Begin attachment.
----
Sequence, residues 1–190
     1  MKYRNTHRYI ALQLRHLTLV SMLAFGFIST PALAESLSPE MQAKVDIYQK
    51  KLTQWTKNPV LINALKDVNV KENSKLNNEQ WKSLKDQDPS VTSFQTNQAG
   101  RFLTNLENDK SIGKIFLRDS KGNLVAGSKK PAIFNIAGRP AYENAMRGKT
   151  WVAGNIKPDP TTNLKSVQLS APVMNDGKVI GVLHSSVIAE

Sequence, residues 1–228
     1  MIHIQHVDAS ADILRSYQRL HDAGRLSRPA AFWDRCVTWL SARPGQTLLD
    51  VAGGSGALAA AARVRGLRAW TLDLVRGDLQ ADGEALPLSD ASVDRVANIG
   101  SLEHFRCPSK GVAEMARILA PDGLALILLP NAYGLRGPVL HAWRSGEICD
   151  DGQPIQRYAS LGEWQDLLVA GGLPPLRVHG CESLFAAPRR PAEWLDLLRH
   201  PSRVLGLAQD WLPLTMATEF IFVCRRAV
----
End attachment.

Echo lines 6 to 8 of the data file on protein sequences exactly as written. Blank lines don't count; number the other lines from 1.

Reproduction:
Sequence, residues 1–228
     1  MIHIQHVDAS ADILRSYQRL HDAGRLSRPA AFWDRCVTWL SARPGQTLLD
    51  VAGGSGALAA AARVRGLRAW TLDLVRGDLQ ADGEALPLSD ASVDRVANIG